Friday, November 06, 2009

Googled: The End of the World As We Know It

This book is all about Google from garage to cell phones, in chronological order, the good and the not-so good story. Perfect for a student bookworm dealing with websites, there are lessons to be learned by studying the trials, tribulations, and successes of this company. What I am into is creating successes for myself professionally. Whenever a book like this comes up in the Vine Program, I order it.

I haven't read this author's other books, but I have read studies like them. By reading books like these, and particularly books about big businesses like Google, Microsoft, or Apple, I get a bird's-eye-view of what makes failures and successes. This helps me very much in my current job dealing with customers, and management.

This book is particularly good because it starts at the beginning of Google's story, and ends now. And in this financial climate, the book takes an honest look at what could be around the bend.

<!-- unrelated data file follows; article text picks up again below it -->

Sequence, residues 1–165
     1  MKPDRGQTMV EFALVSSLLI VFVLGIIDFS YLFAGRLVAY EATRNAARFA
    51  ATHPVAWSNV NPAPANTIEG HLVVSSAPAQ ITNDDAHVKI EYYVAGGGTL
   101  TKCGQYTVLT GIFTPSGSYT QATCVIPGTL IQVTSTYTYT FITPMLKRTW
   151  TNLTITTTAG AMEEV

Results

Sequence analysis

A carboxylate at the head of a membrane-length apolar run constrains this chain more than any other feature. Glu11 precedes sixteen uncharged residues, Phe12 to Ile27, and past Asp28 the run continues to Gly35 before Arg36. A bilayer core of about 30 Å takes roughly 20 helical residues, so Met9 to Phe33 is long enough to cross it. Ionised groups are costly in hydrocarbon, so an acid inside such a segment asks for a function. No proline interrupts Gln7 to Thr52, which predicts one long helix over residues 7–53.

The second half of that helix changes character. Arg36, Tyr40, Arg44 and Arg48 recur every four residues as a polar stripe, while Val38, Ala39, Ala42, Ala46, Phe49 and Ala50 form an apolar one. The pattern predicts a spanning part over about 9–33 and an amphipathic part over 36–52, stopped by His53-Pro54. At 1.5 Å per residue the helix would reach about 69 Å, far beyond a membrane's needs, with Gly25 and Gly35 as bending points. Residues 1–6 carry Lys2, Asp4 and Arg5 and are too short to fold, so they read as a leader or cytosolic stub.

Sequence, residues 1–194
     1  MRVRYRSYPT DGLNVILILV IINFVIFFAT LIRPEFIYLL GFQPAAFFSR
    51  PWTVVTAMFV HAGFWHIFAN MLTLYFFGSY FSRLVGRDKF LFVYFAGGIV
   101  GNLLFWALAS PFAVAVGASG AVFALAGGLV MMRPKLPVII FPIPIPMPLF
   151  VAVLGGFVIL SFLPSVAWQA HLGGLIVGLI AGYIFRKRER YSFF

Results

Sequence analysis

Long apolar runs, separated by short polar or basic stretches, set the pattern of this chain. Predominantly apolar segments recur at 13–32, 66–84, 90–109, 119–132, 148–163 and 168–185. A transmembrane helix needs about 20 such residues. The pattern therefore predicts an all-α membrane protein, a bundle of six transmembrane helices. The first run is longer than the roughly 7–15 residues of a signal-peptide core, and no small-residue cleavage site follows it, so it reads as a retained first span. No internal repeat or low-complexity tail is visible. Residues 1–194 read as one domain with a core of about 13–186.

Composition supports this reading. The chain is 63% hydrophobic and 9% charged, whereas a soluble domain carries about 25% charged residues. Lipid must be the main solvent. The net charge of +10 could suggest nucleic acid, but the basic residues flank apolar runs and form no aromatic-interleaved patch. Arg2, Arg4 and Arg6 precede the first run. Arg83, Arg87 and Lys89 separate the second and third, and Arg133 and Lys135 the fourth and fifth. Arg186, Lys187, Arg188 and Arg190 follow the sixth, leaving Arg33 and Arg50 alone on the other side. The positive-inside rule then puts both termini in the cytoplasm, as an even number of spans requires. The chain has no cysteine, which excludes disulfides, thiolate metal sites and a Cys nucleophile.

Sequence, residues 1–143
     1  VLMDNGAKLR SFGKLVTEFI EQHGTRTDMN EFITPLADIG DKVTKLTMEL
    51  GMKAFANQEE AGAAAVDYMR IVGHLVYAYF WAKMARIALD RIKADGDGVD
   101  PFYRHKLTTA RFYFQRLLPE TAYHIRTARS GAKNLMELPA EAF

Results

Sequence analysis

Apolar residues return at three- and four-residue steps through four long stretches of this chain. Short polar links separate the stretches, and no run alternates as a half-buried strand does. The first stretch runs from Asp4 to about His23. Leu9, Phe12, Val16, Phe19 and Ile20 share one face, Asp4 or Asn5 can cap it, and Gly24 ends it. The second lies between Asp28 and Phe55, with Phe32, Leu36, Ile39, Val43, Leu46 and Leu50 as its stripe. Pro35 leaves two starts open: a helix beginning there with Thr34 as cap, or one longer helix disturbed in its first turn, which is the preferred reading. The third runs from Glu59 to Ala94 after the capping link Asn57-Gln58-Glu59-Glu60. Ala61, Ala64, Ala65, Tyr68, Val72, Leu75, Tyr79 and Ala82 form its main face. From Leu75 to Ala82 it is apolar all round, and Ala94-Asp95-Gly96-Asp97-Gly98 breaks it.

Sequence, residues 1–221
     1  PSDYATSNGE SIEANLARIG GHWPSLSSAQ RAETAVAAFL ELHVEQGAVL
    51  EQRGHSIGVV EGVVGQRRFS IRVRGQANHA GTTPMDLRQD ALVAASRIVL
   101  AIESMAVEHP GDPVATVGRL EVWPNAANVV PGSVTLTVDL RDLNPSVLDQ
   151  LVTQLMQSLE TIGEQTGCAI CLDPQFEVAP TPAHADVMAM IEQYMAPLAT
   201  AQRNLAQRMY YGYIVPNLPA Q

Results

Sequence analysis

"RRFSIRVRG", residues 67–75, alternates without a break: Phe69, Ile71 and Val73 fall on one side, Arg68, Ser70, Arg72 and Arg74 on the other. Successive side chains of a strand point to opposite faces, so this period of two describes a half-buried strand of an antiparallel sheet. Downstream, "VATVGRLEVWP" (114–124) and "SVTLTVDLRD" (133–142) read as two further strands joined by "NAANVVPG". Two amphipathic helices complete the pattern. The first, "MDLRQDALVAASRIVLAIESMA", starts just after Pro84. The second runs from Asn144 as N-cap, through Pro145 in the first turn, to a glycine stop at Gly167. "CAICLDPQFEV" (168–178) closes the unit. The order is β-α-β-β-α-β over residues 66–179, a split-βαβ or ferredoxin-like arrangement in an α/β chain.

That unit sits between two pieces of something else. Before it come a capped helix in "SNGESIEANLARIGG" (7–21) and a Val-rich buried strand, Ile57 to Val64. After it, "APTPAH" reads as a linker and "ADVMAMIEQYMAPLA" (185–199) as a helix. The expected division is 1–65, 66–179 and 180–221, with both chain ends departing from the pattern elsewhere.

I haven't read a book on Google before, so the first few chapters provided a useful history of the company and background of the founders. The author paints a picture of a somewhat arrogant persona in the engineers who believe in the art of the possible, who use a combination of their intellects and technology to pry open the covers of various industries and essentially rewire them completely. This impression is useful in conveying not only the unprecedented changes being fostered on the world by Google, but also leading in the major part of the book, assessing its impact on everybody else.

I'm a huge fan of open source, open standards, etc etc so I'll be the last one to sing the praises of Microsoft or Apple - but where we've bashed these companies to death with questions about their monopolistic ambitions, this book raises similar questions about Google. Yes, pretty much everything Google offers is free - at least for you - but 100% of the cost is being shouldered by advertisers. Is this fair? To what extent does the company have the right to kill traditional media, and is this really Google's fault at all? Is Google's approach an abuse of privacy and copyright laws or not?

The author delves into a range of different areas - some of which have been discussed in the media, and others are ambitious and thought provoking. I'd recommend this for anyone who has an interest in pop-tech or web 2.0 - while I don't necessarily agree with the authors conclusions, he raises some excellent questions.

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